In what dimension, Pajiba writer Dustin Rowles, is it okay to scoff at “Stark Raving Mad”?
I mean, I liked your list, The 10 Least Must-See NBC Thursday Night TV Sitcoms, mostly. Maybe I am a sitcom junkie, but I appreciate your righteous indignation at televised farts like “Boston Common” and the rehash of “Coupling.” Even your jab at “The Single Guy” might be justified—although, as a young teen, I looo-oooo-ooooved Jonathan Silverman with an ardor that nearly matched my affection for Tom Cavanagh on “Ed.”
Perhaps all these cold TV dinner leftovers are best forgotten: fine. But you leave “Stark Raving Mad” out of it.
The year? was 1999. Young talent Neil Patrick Harris, fresh from a slew of lamentable made-for-TV movies, was still trying to shake off his Doogie curse (I remember watching The Christmas Wish with bewildered pity). In a more recent interview with the A.V. Club, Harris indicates those years of his life as plangent with mountain-climbing and introspection.
Meanwhile, Tony Shalhoub had established himself as a pretty good character actor on the big screen, even as he juggled a role as lovable cabbie Antonio Scarpacci on “Wings.” But “Wings” was over now, and Shalhoub, underloved as ever.
“Stark Raving Mad” paired the two actors as yet another Odd Couple, with Shalhoub as horror novelist Ian Stark and young Harris as his beleaguered editor and keeper, Henry McNeely. The characters, together, were two kinds of crazy, with obsessive-compulsive McNeely quietly rivaling Ian Stark for lunacy. A sloppier creator might have cast a woman as Stark’s editor instead, which could well have given the series a will-they-won’t-they frisson and longevity.
But as with any of the best-received sitcoms (“Black Books,” “Big Bang Theory”), the premise’s very triteness permitted the actors to shine:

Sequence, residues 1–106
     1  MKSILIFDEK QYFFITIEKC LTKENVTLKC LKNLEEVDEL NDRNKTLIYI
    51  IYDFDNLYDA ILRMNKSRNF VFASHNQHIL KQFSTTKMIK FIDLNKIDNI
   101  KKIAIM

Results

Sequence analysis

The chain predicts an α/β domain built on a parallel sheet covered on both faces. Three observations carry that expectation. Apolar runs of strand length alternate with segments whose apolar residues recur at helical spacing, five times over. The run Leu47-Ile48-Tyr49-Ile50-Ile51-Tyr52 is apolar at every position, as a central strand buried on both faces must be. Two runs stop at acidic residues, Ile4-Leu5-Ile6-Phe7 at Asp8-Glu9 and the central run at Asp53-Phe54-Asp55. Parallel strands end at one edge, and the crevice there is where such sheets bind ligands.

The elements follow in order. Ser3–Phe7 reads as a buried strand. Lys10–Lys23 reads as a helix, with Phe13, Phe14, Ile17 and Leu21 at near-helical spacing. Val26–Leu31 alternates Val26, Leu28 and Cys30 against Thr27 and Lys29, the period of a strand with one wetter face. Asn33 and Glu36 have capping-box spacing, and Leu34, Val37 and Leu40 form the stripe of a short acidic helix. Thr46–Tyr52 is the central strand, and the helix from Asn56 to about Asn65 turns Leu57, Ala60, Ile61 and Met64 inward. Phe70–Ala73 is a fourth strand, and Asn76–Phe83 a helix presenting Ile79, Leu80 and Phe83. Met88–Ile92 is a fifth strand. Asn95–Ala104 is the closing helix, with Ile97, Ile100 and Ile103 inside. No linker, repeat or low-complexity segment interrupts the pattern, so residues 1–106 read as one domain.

“Tony Shalhoub is hysterical—I didn’t even think he could be so funny,” one IMDb user wrote in 1999. “Who would have thought Neil Patrick Harris had a flair for comedy?” another typed in 2000.
Of course the show was hamstrung by sitcom cheesiness—puns, tracked laughter, obnoxious jazzy interstitials with establishing shots of architecture and city traffic—but fine performances elevated “Stark Raving Mad” from banal to sublime.
Audiences were pleasantly surprised, too, by the network television show’s unusually grim humor; paid critics were not so kind. In its September 1999 review, Variety warned that “Stark Raving Mad” simply couldn’t compete with television shows like “Charmed” (ugh) and “Action.” (Remember “Action”? The only FOX sitcom with tons of bleeping? It was also wonderful, more authentically edgy, but its life was sadly cut short, too.)
From the end of the pilot episode of “Stark Raving Mad,” here is a bit about the writing process (beginning at 1:40 or so):
Soon after “Stark Raving Mad” won its People’s Choice Award for Best New Comedy, NBC canceled the series. Several episodes never aired.